THE “accommodationalist” debate continues, between those who see religion as unalterably opposed to science (especially evolution) and those who disagree. Our previous two commentaries are here Religion and Evolution, and here Religion and Evolution: Part II. They’ve gone unnoticed, so naturally we’ll jump in again.
PZ Myers, who disagrees with the accommodationalists, has posted his latest contribution: I may not be perfectly rational, but my magic invisible monkeys are! It’s risky to excerpt just a bit from PZ’s essay, but:
… to imply that we can therefore have no license to criticize irrationality is to claim that no one can say anything ever against foolishness. It’s an abdication of intellectual responsibility.
I’m going to insist that it is fair game to attack the obvious failings of religion.
Francis Collins is an example of the other side: Religion and Science: Conflict or Harmony? This is from the introduction to Collins’ remarks:
Francis S. Collins, the former director of the Human Genome Project, discussed why he believes religion and science are compatible and why the current conflict over evolution vs. faith, particularly in the evangelical community, is unnecessary. Collins, an evangelical Christian, talked about his path from atheism to Christianity and his belief that science provides evidence of God.
But we don’t think this is a situation that offers a pure dichotomy. There are positions for a science advocate other than opposition to religion and accommodation with it. Our own suggestion isn’t a compromise that attempts to reconcile the warring camps. Rather, it’s yet another option, one which probably won’t appeal to either those who agree with PZ or to those who agree with Collins. But some may find that it suits them.
Our position is to totally disregard what we consider to be a sectarian disagreement among various denominations about whether scripture should be read in a manner to deny verifiable information about reality. One might describe our position as including both curiosity that such disputes exist, and indifference as to whether the disputants ever figure it out.
We become concerned only when a reality-denial sect threatens to go malignant, seeking to forcefully spread its dogma beyond its own voluntary membership. Absent such malignancy — which requires vigorous opposition — why should we care about theological debates among denominations? And why should we involve ourselves in their disagreements?
Don’t misunderstand — we’re not impartial. We prefer a world in which everyone thinks and behaves rationally, and we approve of scientific research and education. We humbly endeavor to achieve to those ends. (What else is this blog?) But we recognize that such efforts are unappreciated by some groups. Their choices are not our concern — unless they are literally a threat to our freedom. Should that happen, and it does, you’ll hear from us, and you do; but such are exceptional situations.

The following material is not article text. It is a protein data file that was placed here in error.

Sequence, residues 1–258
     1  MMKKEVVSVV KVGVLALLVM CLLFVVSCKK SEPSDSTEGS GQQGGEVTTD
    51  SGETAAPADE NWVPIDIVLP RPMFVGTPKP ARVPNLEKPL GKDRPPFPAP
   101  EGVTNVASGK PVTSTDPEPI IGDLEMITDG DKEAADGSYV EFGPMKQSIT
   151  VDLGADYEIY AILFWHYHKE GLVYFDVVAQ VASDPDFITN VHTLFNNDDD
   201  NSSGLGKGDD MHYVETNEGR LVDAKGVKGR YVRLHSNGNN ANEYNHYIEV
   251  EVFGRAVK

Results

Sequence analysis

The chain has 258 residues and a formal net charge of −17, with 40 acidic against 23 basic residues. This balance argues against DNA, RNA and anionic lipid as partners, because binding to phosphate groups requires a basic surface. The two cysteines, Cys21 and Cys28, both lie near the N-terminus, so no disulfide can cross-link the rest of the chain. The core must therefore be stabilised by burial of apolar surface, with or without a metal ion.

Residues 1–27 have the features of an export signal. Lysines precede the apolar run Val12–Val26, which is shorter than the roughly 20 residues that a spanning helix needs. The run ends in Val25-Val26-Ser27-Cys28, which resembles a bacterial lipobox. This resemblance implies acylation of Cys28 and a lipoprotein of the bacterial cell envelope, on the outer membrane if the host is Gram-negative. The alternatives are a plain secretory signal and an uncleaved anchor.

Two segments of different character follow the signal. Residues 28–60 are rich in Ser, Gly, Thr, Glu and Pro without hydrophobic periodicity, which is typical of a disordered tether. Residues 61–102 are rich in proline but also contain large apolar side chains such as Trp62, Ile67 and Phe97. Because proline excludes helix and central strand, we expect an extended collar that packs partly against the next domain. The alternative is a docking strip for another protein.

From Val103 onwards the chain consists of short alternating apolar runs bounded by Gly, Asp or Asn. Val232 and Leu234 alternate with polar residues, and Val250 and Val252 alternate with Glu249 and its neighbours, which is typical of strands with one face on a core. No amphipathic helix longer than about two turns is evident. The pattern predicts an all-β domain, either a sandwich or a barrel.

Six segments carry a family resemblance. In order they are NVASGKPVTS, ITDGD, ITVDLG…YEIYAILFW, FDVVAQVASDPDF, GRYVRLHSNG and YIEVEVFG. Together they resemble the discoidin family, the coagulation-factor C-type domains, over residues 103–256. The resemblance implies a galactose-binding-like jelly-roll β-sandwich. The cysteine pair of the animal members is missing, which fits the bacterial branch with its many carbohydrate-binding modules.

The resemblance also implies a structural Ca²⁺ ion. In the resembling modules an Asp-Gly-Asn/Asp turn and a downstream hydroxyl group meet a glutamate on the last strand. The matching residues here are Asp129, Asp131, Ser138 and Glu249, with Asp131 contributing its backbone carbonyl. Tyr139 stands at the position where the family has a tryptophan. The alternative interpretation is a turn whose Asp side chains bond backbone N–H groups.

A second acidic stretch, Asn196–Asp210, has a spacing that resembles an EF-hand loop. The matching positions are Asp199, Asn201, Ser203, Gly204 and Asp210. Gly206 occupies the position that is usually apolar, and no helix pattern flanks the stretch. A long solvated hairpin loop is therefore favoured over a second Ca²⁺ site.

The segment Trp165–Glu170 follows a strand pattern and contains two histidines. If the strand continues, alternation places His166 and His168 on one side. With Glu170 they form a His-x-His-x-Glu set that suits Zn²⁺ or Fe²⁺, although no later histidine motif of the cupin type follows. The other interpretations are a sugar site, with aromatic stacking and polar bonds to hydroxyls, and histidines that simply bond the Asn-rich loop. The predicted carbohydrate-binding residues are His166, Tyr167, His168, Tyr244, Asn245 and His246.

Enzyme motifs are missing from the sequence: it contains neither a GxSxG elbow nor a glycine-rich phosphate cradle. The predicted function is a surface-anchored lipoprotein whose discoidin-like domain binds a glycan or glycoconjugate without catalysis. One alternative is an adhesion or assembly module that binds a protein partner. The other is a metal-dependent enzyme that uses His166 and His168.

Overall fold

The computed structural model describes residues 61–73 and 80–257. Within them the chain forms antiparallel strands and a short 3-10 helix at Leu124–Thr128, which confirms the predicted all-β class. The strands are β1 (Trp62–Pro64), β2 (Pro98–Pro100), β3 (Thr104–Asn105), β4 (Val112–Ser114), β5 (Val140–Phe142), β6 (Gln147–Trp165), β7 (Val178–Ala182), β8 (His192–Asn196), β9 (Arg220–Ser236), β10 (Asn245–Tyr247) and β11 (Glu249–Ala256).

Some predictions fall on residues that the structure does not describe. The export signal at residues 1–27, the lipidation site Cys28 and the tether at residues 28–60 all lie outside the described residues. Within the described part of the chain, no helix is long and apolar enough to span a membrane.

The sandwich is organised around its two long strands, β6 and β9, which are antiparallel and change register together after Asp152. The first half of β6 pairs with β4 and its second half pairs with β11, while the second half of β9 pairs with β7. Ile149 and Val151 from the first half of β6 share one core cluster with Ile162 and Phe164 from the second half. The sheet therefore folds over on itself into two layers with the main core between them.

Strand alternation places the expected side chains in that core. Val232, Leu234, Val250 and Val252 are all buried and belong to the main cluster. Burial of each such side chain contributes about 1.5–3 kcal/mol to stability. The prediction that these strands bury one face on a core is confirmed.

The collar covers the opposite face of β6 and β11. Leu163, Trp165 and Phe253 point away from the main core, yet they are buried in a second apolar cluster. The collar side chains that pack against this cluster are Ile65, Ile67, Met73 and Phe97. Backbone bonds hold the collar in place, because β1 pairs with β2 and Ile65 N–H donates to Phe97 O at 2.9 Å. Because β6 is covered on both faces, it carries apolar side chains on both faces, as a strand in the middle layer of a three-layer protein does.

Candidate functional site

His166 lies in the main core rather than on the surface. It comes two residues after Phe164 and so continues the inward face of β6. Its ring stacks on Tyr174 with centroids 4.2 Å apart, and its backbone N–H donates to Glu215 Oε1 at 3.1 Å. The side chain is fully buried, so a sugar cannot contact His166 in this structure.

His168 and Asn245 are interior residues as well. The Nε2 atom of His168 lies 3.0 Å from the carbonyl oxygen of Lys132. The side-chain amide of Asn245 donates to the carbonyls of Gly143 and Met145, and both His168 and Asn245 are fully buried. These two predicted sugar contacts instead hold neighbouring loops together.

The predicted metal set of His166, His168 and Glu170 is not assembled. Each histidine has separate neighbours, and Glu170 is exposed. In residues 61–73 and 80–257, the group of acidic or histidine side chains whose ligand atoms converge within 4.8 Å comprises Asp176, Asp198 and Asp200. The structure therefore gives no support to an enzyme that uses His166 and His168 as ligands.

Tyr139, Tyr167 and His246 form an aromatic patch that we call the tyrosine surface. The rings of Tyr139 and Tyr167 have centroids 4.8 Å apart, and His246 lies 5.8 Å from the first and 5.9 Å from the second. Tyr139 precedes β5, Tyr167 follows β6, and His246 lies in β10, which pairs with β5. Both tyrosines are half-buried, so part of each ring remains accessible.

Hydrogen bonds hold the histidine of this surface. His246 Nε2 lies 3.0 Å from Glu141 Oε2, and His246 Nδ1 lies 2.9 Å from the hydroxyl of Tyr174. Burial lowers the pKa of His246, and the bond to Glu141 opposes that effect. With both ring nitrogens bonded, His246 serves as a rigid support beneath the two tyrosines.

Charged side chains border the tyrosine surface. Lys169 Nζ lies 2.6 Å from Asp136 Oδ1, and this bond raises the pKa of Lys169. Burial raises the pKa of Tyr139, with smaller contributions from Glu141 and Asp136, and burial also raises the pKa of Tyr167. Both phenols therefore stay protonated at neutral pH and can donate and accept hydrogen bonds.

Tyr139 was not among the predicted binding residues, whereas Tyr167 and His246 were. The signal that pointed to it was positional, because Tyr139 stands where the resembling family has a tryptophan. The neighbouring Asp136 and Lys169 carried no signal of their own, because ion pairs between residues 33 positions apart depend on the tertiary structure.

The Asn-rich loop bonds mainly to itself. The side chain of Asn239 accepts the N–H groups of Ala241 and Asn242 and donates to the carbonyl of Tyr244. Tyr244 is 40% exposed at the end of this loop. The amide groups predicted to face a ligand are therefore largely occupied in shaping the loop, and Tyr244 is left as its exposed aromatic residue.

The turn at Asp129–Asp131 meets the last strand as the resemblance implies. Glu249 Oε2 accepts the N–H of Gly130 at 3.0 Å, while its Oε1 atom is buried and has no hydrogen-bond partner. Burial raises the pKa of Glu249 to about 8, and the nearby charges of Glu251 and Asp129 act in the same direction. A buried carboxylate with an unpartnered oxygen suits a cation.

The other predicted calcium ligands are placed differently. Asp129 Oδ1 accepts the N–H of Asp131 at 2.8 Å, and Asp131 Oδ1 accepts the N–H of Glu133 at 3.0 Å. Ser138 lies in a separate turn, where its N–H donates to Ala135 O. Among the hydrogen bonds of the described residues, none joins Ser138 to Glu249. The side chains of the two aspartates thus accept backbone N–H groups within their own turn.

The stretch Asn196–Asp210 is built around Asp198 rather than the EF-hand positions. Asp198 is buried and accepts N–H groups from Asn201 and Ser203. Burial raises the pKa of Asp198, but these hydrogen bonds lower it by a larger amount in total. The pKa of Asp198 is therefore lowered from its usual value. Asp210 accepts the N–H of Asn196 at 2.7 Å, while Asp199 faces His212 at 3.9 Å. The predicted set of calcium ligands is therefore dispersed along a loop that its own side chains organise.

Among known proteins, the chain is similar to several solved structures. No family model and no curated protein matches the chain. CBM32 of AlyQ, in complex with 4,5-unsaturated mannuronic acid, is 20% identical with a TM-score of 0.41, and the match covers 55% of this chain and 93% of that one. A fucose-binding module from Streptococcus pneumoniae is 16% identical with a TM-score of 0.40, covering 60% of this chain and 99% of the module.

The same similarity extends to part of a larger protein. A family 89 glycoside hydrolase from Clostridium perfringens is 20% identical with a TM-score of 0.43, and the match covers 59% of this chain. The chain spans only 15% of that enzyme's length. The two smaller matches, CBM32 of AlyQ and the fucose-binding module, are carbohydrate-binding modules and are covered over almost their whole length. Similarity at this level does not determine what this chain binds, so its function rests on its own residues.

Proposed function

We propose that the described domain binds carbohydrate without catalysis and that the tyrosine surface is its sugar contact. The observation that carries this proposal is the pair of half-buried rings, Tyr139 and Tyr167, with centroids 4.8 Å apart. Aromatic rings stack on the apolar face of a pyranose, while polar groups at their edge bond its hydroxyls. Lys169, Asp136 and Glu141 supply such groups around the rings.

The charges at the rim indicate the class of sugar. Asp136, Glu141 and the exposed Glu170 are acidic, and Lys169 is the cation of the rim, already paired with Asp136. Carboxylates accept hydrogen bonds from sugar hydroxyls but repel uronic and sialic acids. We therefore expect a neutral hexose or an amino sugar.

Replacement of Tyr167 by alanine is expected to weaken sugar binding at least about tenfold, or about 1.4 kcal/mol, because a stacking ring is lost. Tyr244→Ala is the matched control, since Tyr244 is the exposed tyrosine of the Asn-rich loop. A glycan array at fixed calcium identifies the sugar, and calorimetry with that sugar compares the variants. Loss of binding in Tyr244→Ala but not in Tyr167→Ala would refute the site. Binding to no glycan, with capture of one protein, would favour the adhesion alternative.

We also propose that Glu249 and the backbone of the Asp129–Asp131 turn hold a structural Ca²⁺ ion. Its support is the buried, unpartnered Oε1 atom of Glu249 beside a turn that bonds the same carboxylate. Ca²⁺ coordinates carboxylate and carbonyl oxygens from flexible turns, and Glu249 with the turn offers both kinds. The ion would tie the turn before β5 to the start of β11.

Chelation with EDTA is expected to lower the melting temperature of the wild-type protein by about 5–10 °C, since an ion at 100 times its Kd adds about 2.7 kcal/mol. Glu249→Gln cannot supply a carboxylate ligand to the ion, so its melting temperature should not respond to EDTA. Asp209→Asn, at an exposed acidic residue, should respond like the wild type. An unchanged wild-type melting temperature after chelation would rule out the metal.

So how does our policy of indifference manifest itself? It’s analogous to our attitude regarding the Super Bowl. We don’t follow professional sports, so we don’t care about such contests. Often we don’t even know who the contenders are. On the other hand, we don’t chastise those who are keenly interested in such matters.
Another example: Suppose you’re driving down the street and you pass by a church to which you don’t belong. It doesn’t matter why you don’t belong to it. Maybe you prefer a different denomination, or maybe you don’t belong to any church. Our question is, having noticed the church, what do you do? Do you slam on the breaks, jump out of your car, and dash inside to engage them in debate? No, you probably don’t even give them a thought. There are all kinds of churches, and you don’t care for this one. So you just keep on driving. That’s our policy in action.
Here’s an example of how our policy of indifference might play out in the science arena. Suppose you’re an astronomer, and your research is about distant galaxies, dark energy, etc. Fascinating stuff. Suppose further that a TV “journalist” invites you to participate in a panel discussion about your work. You naturally ask who the other panelists will be. If informed that they have invited an astrologer, an exorcist, a moon-landing denier, and the shoe-bomber to appear on the panel with you, what would be your reaction?
Perhaps you’d be polite, and ask why the others were invited. The “journalist” replies that their presence is necessary to give a balanced presentation of all sides. How do you react? Our reaction would be to say: “That’s very journalistic of you. However, I’m not interested in debating my work with those people. Therefore, I decline your invitation”
No debate. No controversy. No accommodation. Simple.
Update: See also Creationism: The Debate About The Debate.
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